School again! The adventure begins
I don't know about this back-to-school thing. Buy the books and a notebook or two, get the student ID card, find the right classroom, get ready to learn.
Holy J. Moley.
Have wanted to do “something different” for a while now. A light flashed on in the ol’ cerebral cortex and I mumbled something about maybe trying grad school.
“Do that!” my wise buddy said.
So I visited a prestigious university in the Twin Cities and got all excited, ‘cause there’s nothing like life on a college campus. So much going on, so much fun, so many new friends, and the atmosphere is electric.
Got the grand tour, and as I left said, “Hope to meet you again!” Thinking deep down: We probably won’t meet again.
A year-and-a-half later I applied on a whim and they accepted me. They like my writing style and think I’d be a good fit for the Hamline community.
I’m thinking they got the wrong guy. The folks in charge tend to throw out lots of big, complicated words I have to look up, like ‘Pedagogy’ (“the art, science or profession of teaching,” according to merriam-webster.com).
I don’t know nuthin’ ‘bout no Pedagogy. Am really not the intellectual type. Still get a kick out of cornball movies (Airplane!) and really bad puns.
“How do trees get online? They just log in.”
But no. They called me on my cell phone, sent email to my inbox and mail to my mailbox, saying congratulations, you’ve been accepted.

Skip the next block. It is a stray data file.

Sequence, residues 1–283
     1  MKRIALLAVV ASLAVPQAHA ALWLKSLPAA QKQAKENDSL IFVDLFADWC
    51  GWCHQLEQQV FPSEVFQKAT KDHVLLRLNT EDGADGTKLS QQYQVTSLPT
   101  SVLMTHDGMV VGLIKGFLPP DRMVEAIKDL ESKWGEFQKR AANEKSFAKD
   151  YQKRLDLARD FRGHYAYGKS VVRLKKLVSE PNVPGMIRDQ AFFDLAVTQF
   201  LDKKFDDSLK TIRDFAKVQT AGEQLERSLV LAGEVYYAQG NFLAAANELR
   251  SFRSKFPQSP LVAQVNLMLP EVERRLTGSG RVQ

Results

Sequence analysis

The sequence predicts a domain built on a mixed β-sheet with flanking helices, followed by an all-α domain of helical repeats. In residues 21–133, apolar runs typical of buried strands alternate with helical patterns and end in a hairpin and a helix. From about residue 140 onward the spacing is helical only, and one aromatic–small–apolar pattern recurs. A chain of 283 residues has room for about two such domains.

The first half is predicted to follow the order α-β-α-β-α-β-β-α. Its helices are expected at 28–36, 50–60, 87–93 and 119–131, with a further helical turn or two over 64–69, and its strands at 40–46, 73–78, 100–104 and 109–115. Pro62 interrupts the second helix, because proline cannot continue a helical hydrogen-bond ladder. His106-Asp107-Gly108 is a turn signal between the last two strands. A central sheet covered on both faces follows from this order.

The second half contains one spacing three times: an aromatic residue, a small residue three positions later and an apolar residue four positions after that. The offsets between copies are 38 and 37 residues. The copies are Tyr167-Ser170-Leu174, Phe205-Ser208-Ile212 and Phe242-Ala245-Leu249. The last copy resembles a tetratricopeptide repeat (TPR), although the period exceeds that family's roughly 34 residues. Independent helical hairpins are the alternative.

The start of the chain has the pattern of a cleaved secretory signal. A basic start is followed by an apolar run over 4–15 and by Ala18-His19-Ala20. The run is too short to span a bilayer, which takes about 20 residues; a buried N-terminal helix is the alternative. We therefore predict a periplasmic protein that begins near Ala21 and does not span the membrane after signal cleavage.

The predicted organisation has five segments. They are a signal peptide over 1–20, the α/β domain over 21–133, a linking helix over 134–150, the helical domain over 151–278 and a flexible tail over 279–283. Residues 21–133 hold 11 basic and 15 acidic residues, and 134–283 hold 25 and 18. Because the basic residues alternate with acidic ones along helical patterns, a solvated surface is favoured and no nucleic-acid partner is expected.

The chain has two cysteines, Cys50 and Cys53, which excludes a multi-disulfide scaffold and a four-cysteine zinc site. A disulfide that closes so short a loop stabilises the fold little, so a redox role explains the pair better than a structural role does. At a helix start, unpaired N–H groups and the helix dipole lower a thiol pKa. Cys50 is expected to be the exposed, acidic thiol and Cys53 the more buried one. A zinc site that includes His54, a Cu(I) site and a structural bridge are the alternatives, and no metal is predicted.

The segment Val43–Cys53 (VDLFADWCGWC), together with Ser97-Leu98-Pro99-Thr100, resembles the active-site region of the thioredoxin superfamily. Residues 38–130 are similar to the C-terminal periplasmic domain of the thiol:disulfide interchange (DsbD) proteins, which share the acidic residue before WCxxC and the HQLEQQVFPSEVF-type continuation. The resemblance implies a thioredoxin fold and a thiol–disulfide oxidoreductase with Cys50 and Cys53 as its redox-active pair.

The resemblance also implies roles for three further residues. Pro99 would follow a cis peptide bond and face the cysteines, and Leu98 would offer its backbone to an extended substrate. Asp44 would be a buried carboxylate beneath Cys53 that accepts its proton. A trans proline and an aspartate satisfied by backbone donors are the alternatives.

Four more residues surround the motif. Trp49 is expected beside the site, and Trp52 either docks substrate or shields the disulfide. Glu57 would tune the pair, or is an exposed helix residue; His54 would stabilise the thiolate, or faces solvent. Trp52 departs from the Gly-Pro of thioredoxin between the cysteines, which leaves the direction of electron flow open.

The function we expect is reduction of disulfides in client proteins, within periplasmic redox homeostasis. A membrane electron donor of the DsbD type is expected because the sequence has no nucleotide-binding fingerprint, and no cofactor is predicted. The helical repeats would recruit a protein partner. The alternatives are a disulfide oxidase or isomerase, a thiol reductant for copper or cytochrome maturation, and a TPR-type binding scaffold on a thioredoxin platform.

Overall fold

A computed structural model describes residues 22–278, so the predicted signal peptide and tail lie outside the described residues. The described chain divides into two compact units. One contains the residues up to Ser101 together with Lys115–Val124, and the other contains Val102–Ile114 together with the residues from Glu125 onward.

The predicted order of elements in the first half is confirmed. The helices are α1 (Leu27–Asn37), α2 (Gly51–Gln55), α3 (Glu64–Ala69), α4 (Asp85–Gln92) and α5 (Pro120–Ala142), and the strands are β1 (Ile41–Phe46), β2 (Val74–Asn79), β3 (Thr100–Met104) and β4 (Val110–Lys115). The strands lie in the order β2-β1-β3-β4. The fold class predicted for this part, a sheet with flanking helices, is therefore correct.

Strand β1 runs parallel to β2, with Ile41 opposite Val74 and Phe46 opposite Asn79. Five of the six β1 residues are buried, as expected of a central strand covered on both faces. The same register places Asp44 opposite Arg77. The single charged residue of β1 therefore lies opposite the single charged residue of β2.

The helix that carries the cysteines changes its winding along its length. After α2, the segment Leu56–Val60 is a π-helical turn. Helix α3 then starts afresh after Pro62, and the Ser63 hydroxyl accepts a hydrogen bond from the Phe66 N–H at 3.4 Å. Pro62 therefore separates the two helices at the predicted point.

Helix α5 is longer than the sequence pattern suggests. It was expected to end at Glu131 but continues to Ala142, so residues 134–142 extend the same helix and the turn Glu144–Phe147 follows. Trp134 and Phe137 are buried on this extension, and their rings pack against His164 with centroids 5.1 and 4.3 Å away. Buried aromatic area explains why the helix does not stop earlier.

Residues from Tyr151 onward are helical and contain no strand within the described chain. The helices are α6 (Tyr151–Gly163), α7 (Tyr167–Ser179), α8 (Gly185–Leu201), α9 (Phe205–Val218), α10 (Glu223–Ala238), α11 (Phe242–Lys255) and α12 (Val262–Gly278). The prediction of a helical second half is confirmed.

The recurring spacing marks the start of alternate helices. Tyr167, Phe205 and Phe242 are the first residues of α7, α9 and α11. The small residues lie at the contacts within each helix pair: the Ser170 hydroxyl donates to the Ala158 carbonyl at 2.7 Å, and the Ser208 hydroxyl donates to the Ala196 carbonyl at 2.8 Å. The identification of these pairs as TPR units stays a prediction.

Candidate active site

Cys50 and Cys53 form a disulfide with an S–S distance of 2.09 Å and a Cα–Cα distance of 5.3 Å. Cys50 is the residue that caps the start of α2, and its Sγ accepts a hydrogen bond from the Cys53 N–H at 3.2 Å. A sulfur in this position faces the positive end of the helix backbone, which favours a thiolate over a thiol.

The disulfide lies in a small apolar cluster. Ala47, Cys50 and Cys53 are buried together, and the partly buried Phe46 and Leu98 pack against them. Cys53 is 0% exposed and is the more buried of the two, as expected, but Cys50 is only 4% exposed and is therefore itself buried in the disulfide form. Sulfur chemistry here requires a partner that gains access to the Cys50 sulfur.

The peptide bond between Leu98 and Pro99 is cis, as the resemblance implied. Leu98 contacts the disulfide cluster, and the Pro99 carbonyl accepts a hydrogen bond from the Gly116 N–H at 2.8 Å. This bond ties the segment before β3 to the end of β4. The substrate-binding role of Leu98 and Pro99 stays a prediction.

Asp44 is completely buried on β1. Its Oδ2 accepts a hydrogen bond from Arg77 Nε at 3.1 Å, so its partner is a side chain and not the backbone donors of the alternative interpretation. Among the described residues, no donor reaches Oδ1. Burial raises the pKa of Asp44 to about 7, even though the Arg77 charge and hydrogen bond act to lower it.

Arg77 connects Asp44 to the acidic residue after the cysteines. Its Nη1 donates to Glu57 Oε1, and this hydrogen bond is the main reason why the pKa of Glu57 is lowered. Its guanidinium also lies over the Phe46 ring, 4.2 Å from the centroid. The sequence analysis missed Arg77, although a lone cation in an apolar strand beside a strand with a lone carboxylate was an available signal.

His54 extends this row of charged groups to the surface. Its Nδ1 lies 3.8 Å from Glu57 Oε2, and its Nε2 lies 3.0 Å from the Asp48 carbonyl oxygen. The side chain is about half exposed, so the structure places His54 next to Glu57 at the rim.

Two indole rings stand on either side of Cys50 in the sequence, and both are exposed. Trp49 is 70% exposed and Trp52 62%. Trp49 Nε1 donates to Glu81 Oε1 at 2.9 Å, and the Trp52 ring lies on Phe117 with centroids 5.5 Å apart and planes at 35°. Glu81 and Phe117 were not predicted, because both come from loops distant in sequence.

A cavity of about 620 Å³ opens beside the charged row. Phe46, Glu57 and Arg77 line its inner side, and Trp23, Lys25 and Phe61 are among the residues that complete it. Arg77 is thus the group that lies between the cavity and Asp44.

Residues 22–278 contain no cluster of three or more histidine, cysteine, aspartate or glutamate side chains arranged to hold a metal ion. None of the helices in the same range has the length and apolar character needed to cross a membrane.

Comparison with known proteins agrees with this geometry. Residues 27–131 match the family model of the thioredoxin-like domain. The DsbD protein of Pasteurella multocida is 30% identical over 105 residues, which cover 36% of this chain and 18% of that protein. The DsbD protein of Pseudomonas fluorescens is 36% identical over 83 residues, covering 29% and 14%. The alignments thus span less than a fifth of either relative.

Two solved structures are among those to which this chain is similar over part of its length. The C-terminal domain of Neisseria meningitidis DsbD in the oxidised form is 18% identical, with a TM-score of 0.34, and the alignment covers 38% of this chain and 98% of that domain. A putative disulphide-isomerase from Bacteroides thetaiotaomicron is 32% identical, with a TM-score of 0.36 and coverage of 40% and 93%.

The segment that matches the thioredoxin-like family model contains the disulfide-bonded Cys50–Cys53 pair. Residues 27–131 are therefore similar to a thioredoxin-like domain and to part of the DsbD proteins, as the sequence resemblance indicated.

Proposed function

“It will be great!” the Programs Administrator said.
They’re up there right now. Waiting on me.
You’ve gone and done it now, Johnson. Yet another fine pickle you’ve gotten us into.
Mom and the Law forced me to start school more than 50 years ago. There were bumps along the way, but in 1991 I received my undergraduate diploma and immediately raced over to the Ben Franklin store to buy a frame.
Thought that was plenty good for school. No need to go farther.
So okay. Maybe just a little bit farther. And it’s good to remember that school is different when you’re a geezer. You’re more settled. You’ve been around the block. You know the drill.
No drinking games and frequent visits to the Porcelain God this time. No after-bar parties or terrorizing Downtown. Just soak up the new insights and enjoy your new friends. See where the adventure takes you.
I never thought Mom was especially intellectual, either. But she had us learning from Day One with a wide variety of books and music, and she left me with simple but perfect advice:
“Do your best.”
OK, Mom. Giving it a try.
Wish me luck. And save me some Pedagogy, if there’s any left over.
Off we go!